MARINE CORPS AIR GROUND COMBAT CENTER TWENTYNINE PALMS, Calif. -- Marine Unmanned Aerial Vehicle Squadron 1 was recognized by the Marine Corps Aviation Association for their achievements in support of training exercises and combat operations from May 2005 until April 2006.
The squadron was awarded the 2006 MCAA Edward S. Fris Award, established in honor of Maj. General Edward S. Fris, a pioneer in the development of Marine Corps Command and Control.
“The award means a lot to all of us here at VMU-1,” said Staff Sgt. Abelardo Platas, internal pilot instructor. “Not a lot of people know what we do, so it’s great to receive some recognition.”
The Watch Dogs, the squadron’s nickname, serve as a second set of eyes for ground troops, he explained.
“We provide overhead security, support for raids, and set grid points for a fire mission, among other things,” Platas said.
When the squadron is not deployed, they support Mojave Viper exercises, familiarizing infantry units with UAVs and their effectiveness on the battlefield.
During the squadron’s latest deployment, from August 2005 until March, they flew 780 RQ-2B Pioneer UAV sorties, air missions, which added up to 3,215 flight hours. It was the most flown by a squadron equipped with a Pioneer during that time period, said Platas.
Also, during their deployment, VMU-1 supported Regimental Combat Team 2 in more than two combat operations, including Operation Iron Fist, an operation to disrupt insurgent activity in various Iraqi cities.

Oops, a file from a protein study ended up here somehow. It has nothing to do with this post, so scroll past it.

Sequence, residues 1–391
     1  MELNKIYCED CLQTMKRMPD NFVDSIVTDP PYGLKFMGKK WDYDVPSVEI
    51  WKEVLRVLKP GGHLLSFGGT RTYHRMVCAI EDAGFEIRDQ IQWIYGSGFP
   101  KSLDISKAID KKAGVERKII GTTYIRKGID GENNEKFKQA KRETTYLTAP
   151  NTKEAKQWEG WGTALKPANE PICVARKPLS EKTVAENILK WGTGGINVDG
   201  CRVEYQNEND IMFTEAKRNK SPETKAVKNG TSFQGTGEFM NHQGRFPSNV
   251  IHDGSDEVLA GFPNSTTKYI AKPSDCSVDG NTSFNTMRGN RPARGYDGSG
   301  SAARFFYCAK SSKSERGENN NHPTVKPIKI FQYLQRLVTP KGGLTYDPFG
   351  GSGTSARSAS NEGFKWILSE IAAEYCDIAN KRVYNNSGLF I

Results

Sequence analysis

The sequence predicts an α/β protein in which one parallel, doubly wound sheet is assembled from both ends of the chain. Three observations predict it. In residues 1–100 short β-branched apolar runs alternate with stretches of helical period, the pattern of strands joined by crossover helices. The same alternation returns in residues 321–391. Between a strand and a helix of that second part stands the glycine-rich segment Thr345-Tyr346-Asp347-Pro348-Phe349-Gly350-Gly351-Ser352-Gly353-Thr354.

During Operation Iron Fist, the Watch Dogs detected a cave complex the enemy used as a weapons cache and bomb-making facility. This allowed Marine snipers to kill four insurgents and confiscate small arms, explosives and other bomb-making materials, Platas said.
The squadron also helped coordinate numerous air strikes during Operation Steel Curtain with RCT-2 in November 2005.
VMU-1 supported more than 40 types of direct actions against the enemy during the deployment and detected many improvised explosive devices that were destroyed by explosive ordnance disposal Marines, said Platas.
“We’ve done so many things in the background that isn’t seen, and it’s good to know other people view our work as important and effective,” he said.
Other Watch Dogs, like Sgt. Nicolas Padron, UAV internal operator, felt a boost of morale when told the squadron won an award.
“It feels good to get this award as a squadron,” he said. “We work hard, and it’s rare to get recognized outside of your command.”
The Marine Corps only has two VMU squadrons that must trade off to provide support in Iraq. VMU-1 is deployed for seven months and returns for five months before they are deployed again.
“We’re consistently deployed,” said Padron. “So an award like this gives our Marines something to strive for and work toward.”
Cpl. Clayton Lagesse, UAV internal operator, sees the award as opening the door for UAVs, he said.
“We are in the early stages of UAV technology and advances,” he explained. “Not a lot of people, even in the military, know us and what we do. So to receive this recognition is a big step in awareness of our capabilities.”
The squadron is in the midst of preparing for their next deployment, scheduled for the end of August, where the Watch Dogs will add to their list of achievements, and serve as the Air Command and Control Unit of the Year.